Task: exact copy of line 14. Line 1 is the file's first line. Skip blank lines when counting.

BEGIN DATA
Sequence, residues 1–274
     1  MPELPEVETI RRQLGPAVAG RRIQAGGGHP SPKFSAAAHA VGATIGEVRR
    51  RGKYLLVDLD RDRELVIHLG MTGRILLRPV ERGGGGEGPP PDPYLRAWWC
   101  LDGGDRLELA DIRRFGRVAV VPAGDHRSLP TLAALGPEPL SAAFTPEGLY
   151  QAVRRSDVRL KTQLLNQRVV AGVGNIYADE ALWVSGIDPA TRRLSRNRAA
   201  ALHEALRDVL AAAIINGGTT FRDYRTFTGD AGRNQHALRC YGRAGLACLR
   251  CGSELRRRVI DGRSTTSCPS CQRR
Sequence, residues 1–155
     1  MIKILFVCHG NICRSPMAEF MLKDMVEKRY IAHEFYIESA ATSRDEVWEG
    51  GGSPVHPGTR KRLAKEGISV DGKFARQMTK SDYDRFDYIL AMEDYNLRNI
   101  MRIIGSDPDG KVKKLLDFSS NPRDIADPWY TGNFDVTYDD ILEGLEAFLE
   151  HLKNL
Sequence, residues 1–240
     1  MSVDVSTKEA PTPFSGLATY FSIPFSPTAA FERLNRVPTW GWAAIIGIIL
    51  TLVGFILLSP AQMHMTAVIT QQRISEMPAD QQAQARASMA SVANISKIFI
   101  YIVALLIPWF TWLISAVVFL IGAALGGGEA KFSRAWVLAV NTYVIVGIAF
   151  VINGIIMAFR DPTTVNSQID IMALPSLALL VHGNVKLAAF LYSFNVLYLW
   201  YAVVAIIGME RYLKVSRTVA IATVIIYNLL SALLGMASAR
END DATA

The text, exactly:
     1  MSVDVSTKEA PTPFSGLATY FSIPFSPTAA FERLNRVPTW GWAAIIGIIL